• Indian independence leader Vinayak Damodar Savarkar was influenced by Giuseppe Garibaldi and Giuseppe Mazzini.
    • Mazzini’s socio-political thought has been referred to as Mazzinianism, and his worldview as the Mazzinian Conception, terms which were later utilized by Benito Mussolini and Fascists such as Giovanni Gentile to describe their political ideology and spiritual conception of life.

Mazzini’s conception of Italian nationality and his ideal of the recreation of moral unity of mankind:

  • After the collapse of the Carbonari movements and the 1830 uprisings, it was Mazzini who most insistently preached the cause of Italian unity.
  • His revolutionary society, ‘Young Italy ’, founded in 1831, was the chief agency through which he sought to educate his compatriots.
  • Mazzini’s geopolitical thinking – and activity – revolve around three fundamental points:
    • Nation,
    • People,
    • Humanity.
  • His fundamental ideas were set out in Young Italy, the society’s newspaper of the same name, and developed in his prolific subsequent writings.
  • Mazzini’s conception of Italian nationality:
    • Triple goal:
      • Independence,
      • unity, and
      • liberty (to be secured through a republic)
    • Through the republic the nation would be made, and by the nation Mazzini explained that he meant ‘the totality of citizens speaking the same language, associated together with equal political and civil rights in the common aim of bringing the forces of society… progressively to greater perfection’.
    • For him nationalism was never divorced from liberalism, although its basis was partly linguistic. On that basis might lead him to say: ‘As far as this frontier your language is spoken and understood: beyond this you have no rights.’
  • Mazzini’s ideal to recreate moral unity of mankind:
    • Mazzini’s conception of Italian nationality was not exclusive and his dominant ideal was the recreation of the moral unity of mankind.
    • He gave concept of Threefold Unity
        • Unity of man was to overcome the dispersion of modern man in an industrialized mass civilization.
        • Unity of nation was to bind all the free individuals of democracy into a community of liberty and equality.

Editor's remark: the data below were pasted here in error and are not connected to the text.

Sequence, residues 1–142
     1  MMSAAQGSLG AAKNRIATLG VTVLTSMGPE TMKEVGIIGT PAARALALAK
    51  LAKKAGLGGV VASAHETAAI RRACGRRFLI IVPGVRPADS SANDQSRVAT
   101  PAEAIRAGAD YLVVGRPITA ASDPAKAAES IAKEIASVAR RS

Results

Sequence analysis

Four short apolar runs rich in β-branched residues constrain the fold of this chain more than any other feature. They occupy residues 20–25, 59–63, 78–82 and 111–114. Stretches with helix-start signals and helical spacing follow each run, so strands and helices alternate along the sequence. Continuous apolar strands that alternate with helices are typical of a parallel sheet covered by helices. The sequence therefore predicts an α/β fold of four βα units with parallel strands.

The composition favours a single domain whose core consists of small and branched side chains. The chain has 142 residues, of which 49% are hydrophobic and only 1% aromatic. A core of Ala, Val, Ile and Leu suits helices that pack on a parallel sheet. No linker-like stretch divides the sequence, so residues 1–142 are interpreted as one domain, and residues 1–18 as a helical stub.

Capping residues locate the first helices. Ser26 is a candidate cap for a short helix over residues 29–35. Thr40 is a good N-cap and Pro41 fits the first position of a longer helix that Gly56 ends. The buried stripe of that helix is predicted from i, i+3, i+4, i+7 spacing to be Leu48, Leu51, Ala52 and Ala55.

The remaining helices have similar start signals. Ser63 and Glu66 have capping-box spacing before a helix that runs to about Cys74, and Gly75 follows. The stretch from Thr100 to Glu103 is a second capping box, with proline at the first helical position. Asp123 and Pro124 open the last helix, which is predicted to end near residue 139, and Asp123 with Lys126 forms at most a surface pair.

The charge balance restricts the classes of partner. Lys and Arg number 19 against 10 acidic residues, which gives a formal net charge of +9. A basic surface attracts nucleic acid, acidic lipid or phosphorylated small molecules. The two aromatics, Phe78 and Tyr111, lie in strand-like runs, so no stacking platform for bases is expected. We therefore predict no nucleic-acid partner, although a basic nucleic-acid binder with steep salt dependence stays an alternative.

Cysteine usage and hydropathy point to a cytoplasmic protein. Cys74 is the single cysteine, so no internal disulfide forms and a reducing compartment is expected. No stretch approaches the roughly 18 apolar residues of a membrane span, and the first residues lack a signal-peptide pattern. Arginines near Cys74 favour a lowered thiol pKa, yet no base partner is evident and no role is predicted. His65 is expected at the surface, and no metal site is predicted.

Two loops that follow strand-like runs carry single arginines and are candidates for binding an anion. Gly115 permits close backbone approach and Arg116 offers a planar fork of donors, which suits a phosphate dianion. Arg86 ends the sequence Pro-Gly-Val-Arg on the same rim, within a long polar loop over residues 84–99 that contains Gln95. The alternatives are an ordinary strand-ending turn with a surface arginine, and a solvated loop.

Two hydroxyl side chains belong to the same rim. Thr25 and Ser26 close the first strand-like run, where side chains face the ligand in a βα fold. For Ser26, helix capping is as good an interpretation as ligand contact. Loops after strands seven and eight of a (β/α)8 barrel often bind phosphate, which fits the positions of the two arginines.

• Unity of mankind was to assure the peace and collaboration of all nations.
      • Mazzini said that
        • Where France had failed in not supporting the Italians in 1830—Italy would show men how to use their new-won freedom aright.
        • He believed that a free nation should help other to get freedom. This will create moral ‘unity of mankind’.
    • Mazzini was one of the first proponent of European Unity
      • Mazzini was an early advocate of a “United States of Europe“. For him, European unification was a logical continuation of Italian unification.
      • After the failure of Young Italy’s revolutionary attempt in Piedmont in 1833, Mazzini founded a still more ambitious society called ‘Young Europe’, which met on 15 April 1834 to draw up a pact of fraternity, a kind of holy alliance of the youth of the nations to fight for liberty, equality, and fraternity.
      • The mission of Young Europe was: ‘To constitute humanity so as to enable it through a continuous progress.’
      • According to Mazzini:
        • Every people has its special mission, which will cooperate towards the general mission of Humanity. That mission is its Nationality. Nationality is sacred.’
      • Like Young Italy, Young Europe was soon involved in unsuccessful revolutionary activity.
      • But, although both societies were doomed to failure, and Young Europe in particular was a typically utopian product of romantic internationalism, they set an example which was imitated far and wide, from the groups calling themselves Young Ireland and Young Serbs in the nineteenth century to the Young Turks or Young Chinese of the twentieth.
        • So, Mazzini’s concept of moral unity of mankind was partially successful.